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WSOP attendance down, but optimism high for travel to Main Event

Updated October 28, 2021 - 7:44 pm

Attendance is down at the World Series of Poker, but officials are hopeful that loosened travel restrictions will help build a strong field for the Main Event.

Field sizes are down about 30 percent from the last in-person WSOP in 2019. The live WSOP was not held last year because of the coronavirus pandemic.

The drop in attendance has been felt most acutely in the large-field No-limit Hold’em events at the Rio, which are down 35 percent or more. The $1,500 Monster Stack field size was down 41.7 percent (6,035 entries in 2019 to 3,520 this year), and the $1,500 Millionaire Maker was down 39.5 percent (8,809 entries to 5,326).

The non-No-limit Hold’em events have seen significant but smaller drops. The $1,500 Omaha High-Low was down 28.8 percent to 607 entries after having 853 in 2019, and the $10,000 Omaha High-Low Championship was down 26.8 percent from 183 to 134.

There are many factors that could be affecting attendance. The WSOP is being held in the fall instead of its usual summer slot, possibly at a more difficult time for players to take time off, and surely some amount of players are sitting out because they don’t want to comply with the vaccine mandate for WSOP participants.

WSOP vice president Jack Effel said the main culprit was travel restrictions that have reduced international participation, especially from the recreational players who help drive up field sizes for the big No-limit Hold’em events.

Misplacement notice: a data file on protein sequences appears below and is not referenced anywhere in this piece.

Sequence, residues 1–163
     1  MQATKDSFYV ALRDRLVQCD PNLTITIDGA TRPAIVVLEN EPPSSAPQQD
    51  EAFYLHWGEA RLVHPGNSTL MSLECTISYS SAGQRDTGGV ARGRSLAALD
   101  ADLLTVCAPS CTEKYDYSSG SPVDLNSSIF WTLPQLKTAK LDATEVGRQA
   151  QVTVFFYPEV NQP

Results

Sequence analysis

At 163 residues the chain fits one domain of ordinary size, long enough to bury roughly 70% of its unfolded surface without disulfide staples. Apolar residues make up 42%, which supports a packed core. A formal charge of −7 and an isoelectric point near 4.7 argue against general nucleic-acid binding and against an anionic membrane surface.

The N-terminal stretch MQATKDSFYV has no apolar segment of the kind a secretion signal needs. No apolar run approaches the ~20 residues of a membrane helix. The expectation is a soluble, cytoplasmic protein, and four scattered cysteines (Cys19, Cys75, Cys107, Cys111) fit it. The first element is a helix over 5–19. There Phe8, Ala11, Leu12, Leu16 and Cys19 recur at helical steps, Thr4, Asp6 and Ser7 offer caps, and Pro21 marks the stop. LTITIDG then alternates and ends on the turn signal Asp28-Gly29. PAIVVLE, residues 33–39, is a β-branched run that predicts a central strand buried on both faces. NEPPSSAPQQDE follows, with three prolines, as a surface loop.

The U.S. recently announced that it would lift travel restrictions for vaccinated international passengers Nov. 8, and the WSOP has responded by adding two more opening flights to the Main Event, the $10,000 No-limit Hold’em World Championship.

The Main Event will now have six starting flights from Nov. 4 to 9 instead of four. Entrants can also buy in as late as two levels into one of the two Day 2 sessions Nov. 9 or 10, Effel said.

“So if you’re an international traveler and you couldn’t start traveling until the 8th, you literally have more than 48 hours to get here once the travel restriction gets lifted,” Effel said.

The Main Event is still slated to end Nov. 17.

Hossein Ensan defeated a field of 8,569 to win $10 million in the 2019 Main Event. Damian Salas defeated a field of 1,379 for $2.55 million last year in a hybrid online/live Main Event.

Effel said he was not disappointed with the attendance given the circumstances.

“We’ve still felt very busy,” he said. “… I think as we approach the Main Event, with the additional time that (travelers) have to get in this year, I think that back end of the WSOP schedule is going to be pretty good.”

The WSOP runs through Nov. 23 with a total of 88 events.

Contact Jim Barnes at jbarnes@reviewjournal.com or 702-383-0277. Follow @JimBarnesLV on Twitter.

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